WWF’s Earth Hour, the annual event which sees many cities turning off non-essential lights for an hour, takes place on Saturday 29 March.
The event began in Sydney, Australia, in 2007, and has spread to over 150 countries and 7,000 towns and cities worldwide.
As well as households and small businesses, large London landmarks will take part, including The Houses of Parliament, Buckingham Palace, Tower Bridge, The Barbican, The Gherkin and the London Eye. You can see the full list of participating landmarks here, as well as some great before and after images of venues with their lights off. We got a bit click-happy with that one.
Lights will be switched off at 8.30pm local time to create a Mexican wave of darkness across the world. We’d love to see it from space. The event begins in Samoa, a full 14 hours ahead of London, and ends in the Cook Islands, 10 hours after London dims the lights.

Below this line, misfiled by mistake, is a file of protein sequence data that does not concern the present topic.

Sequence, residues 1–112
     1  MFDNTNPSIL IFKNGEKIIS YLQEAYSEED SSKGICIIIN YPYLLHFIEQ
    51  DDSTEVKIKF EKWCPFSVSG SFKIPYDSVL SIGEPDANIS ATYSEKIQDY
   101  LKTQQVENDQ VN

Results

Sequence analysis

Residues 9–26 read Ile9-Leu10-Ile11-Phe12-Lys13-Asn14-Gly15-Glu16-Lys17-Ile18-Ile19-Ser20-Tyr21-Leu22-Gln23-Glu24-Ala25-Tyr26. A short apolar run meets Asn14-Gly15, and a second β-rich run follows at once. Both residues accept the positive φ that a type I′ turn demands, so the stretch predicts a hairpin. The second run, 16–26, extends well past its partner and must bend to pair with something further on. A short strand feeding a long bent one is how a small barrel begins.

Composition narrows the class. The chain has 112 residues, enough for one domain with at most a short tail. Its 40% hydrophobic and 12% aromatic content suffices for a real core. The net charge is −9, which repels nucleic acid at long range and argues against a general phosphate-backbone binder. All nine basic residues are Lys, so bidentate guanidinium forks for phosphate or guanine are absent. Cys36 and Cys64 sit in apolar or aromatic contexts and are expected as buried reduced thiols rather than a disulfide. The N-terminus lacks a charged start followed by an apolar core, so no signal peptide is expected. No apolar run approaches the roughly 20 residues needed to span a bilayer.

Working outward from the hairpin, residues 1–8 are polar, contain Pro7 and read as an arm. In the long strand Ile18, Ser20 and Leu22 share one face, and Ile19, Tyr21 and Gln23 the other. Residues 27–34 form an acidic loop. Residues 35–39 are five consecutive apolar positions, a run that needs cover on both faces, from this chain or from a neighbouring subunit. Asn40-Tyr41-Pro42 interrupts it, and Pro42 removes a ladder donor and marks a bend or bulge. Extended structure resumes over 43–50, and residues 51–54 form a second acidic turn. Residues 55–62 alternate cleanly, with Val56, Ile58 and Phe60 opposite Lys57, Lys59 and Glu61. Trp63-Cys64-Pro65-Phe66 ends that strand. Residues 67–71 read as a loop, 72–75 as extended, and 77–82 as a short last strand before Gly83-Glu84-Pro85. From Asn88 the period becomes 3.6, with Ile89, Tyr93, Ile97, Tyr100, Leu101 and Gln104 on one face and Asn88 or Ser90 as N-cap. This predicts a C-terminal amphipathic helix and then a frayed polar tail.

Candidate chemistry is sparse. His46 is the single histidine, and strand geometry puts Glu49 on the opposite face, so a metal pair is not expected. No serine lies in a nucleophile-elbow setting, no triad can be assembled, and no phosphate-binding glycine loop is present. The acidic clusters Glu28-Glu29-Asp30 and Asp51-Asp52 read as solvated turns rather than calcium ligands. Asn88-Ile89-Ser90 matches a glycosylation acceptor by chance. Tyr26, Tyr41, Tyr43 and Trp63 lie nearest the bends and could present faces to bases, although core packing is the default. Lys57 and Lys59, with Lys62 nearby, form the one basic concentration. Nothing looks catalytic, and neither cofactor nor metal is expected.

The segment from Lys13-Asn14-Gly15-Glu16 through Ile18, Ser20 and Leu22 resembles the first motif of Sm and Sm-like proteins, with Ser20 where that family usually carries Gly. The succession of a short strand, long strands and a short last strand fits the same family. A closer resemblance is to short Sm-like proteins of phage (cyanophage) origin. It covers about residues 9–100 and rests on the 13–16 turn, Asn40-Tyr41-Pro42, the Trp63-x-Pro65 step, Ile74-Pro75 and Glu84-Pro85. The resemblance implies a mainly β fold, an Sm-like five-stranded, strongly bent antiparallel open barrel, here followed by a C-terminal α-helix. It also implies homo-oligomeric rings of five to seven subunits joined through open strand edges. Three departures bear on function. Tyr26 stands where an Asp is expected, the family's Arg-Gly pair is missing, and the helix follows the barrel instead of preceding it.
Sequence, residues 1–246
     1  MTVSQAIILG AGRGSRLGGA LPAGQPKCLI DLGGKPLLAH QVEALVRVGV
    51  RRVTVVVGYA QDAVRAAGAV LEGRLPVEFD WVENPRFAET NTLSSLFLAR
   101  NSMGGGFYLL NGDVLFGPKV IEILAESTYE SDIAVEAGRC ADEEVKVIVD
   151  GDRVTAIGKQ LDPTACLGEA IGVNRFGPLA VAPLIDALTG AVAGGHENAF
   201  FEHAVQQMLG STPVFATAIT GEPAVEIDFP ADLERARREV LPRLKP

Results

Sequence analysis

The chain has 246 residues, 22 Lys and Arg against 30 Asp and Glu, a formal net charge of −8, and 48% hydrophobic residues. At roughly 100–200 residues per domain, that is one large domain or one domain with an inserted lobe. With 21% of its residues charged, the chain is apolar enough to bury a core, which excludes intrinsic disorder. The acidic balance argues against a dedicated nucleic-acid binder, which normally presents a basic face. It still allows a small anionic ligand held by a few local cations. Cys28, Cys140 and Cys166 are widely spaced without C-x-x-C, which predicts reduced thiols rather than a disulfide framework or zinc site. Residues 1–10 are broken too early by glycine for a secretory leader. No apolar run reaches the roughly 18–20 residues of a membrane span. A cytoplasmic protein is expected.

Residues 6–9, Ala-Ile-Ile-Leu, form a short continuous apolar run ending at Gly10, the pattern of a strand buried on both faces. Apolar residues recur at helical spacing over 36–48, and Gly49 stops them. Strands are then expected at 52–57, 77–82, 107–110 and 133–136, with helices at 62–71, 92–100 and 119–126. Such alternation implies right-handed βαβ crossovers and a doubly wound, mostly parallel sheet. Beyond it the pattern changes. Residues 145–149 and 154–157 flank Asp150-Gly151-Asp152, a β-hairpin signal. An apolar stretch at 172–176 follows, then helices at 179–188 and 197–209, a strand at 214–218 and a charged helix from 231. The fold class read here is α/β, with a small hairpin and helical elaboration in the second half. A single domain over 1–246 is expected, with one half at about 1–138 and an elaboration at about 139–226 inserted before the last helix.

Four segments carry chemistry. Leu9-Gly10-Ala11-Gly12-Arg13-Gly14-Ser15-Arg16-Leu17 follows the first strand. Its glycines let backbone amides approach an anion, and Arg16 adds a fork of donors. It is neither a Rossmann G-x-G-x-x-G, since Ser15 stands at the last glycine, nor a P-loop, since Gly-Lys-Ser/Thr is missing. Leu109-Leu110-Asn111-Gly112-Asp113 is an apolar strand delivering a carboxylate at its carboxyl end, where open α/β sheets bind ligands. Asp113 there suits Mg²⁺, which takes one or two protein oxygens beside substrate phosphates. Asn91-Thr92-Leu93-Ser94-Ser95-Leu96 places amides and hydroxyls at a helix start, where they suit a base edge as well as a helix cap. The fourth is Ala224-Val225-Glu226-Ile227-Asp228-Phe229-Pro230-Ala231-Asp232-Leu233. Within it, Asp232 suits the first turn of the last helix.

It’s expected that 10 million Brits will take part this year — sign up here if you’ll be taking part, and check out the map showing people who have signed up all over the world. Can we make London the most Earth Hour friendly city in the UK?
Previous Earth Hours have generated enough publicity and funding to support several environmental projects around the world, including the replanting of half a million trees in Uganda’s Earth Hour forest.
Watch the video for key parts of last year’s Earth Hour around the world — including the lights going out on the Houses of Parliament.
Share your ideas for thing to do in London when the lights go out (keep it clean) below.
Houses of Parliament image by Mike Murphy on flickr.